There’s no full on panic yet, but we’re seeing a slow build and I expect it to continue at least through January of 2017 when we’ll see the inauguration of a new president. It will become a self-licking ice cream cone as consumers fear shortages and make purchases which further contribute to bare shelves.

During this period, the tactical outfitter may notice periods of lulls in sales as consumers concentrate on purchasing firearms, magazines and ammunition. However, once those stocks are depleted, many will turn to other items such as firearms accessories, prepper supplies, medical items and clothing and individual equipment. There are other customers who already have the firearms they want but will want to stock up on both magazines and ammunition as stocks dwindle.

Many tactical stores sell weapon accessories, including magazines. Since so-called “high capacity” magazines were banned under the Violent Crime Control and Law Enforcement Act of 1994, they are desirable since they are an inexpensive investment for the future. While all magazines aren’t equal in terms of quality, the truth of the matter is that in a panic, they all sell. The savvy consumer will seek out quality and be willing to pay a premium for it.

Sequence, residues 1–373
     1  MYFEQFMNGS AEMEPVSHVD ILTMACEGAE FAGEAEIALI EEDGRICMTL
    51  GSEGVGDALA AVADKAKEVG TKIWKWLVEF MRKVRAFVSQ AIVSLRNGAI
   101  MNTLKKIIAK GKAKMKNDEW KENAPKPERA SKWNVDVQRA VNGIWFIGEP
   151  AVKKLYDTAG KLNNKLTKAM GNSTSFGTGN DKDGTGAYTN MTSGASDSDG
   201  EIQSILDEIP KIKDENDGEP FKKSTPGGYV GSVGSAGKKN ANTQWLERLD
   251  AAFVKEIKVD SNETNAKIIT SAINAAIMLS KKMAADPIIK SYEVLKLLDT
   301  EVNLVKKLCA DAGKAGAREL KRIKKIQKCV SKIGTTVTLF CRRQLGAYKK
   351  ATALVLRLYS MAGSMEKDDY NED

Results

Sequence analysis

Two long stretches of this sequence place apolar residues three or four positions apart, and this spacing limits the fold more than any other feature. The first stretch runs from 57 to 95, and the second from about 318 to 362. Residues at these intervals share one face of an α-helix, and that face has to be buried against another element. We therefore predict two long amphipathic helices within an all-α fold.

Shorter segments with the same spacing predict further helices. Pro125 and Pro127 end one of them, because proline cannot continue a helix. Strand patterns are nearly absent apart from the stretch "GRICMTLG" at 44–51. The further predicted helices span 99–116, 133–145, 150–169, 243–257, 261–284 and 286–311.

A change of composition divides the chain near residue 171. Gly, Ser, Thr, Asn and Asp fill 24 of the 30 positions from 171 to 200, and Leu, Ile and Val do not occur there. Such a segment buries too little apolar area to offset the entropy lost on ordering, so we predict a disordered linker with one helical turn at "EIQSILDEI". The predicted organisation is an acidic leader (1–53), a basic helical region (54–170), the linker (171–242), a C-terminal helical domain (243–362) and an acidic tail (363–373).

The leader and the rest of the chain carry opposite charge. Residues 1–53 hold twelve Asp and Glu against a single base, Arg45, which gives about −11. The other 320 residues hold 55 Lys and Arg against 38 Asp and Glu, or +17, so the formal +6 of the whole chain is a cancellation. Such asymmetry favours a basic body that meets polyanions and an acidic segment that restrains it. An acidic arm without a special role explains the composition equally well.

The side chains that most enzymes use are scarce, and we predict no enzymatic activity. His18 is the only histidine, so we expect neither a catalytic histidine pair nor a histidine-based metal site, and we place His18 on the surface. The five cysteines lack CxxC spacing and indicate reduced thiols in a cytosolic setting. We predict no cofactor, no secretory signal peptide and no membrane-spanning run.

Magazines in particular are of concern. Everyone will want them, in capacities from 20 to 100 round. Another federal restriction of civilian use of magazines with a capacity in excess of 10 rounds means that what is out on the market is all there is. In 1986, when the ATF closed the Machine Gun Registry, we didn’t have a very good idea of what forever meant and Second Amendment advocates weren’t as organized as they are today. But 30 years on, we now begin to comprehend the concept of forever and don’t want to be without feeding devices for our firearms.

Over the past 20 years, several states have local or state-level restrictions on magazines. These rules have been dealt with in various ways, one of which is the use of repair parts. Many magazine manufacturers offer various repair parts for magazines. These include, bodies, floor plates, magazines and followers. Naturally, one could assemble all of the repair parts into a working magazine.